They’ve started with essays on the worst thing that’s ever happened to them.
“No one has anything to be ashamed of,” Beckley reassures them, and calls the first student to the front of the room.
Some of today’s “worst experience“ stories have happy endings: One boy describes how scared he was the time he accidentally lost track of his 4-year-old brother on the CTA, even though the brother turned up okay.
But other stories belie traumatic experiences: One student describes the day his uncle was killed– stabbed in the neck. Another explains that his mom’s boyfriend is serving a life sentence in prison for murder, after a fight with an upstairs neighbor escalated.
After each essay, Beckley asks the class to evaluate it, according to a three-point scale he’s handed out before class.
“Guys, honesty?” Beckley asks.
The boys cry out in unison: “Three!”
“Is there an exceptionally strong sense of audience and voice?”
Then Beckley calls Brandyn’s cousin Davion up to the front of the room.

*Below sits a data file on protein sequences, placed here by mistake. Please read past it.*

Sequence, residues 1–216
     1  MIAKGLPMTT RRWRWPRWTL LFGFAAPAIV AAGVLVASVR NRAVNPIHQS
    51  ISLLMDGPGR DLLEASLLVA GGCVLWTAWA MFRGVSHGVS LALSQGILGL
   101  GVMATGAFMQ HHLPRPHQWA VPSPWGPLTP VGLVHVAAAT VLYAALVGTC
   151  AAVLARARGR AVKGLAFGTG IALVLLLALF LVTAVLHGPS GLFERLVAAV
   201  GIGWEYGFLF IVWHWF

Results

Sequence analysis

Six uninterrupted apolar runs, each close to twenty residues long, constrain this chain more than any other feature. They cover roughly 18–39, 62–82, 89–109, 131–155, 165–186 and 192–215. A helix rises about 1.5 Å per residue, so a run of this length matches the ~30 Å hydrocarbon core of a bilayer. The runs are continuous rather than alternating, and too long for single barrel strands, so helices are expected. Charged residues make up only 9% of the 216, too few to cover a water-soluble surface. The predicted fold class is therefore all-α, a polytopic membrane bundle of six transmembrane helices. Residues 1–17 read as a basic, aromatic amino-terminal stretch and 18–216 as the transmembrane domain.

He faces the class and begins to read: “When I was four months old my dad got shot and so he’s paralyzed.”
As he continues, his voice begins to waver. “It really pisses me off to know that the man who shot my dad is still walking around somewhere in the world. The man who took that away from me I want to kill him when I get older.”
He begins to cry. “But I don’t want to because I don’t want to go to jail.”
“Davion, you can have a seat,” Beckley tells the boy.
Davion does sit down, but he’s still crying. Brandyn goes over to comfort him.
Then Beckley gets up and stands in front of the class. His head is bent; his lips are pursed– like he’s struggling to figure out what to say.
“I’m proud of you guys…every day,” he says, finally. “Let’s get to work. Go ahead and pack your things.”
Davion is still crying when he walks into the hallway, but adults walk with him to see the school’s social worker. I’m not allowed to follow him into her office, but I see him later that day, and he seems to be okay.
High school persistence
Ten hours after he said good-bye to his mom this morning Brandyn sits behind his drum set for jazz band practice. Today they’re rehearsing the jazz standard “Mood Indigo.”
Brandyn would really like to go to one of Chicago’s arts high schools. He’s auditioned for two. He’s also taken the entrance exams for Loyola and for selective enrollment public schools like Whitney Young. His mom, Tina Jackson, says his motivation makes her proud.
“In the beginning he just wanted to graduate,” she says. “Now he wants to go to college and knows which one and how much it costs.”
But she says she also knows how hard it will be for Brandyn to be on that path – and how hard it will be for him to stay there.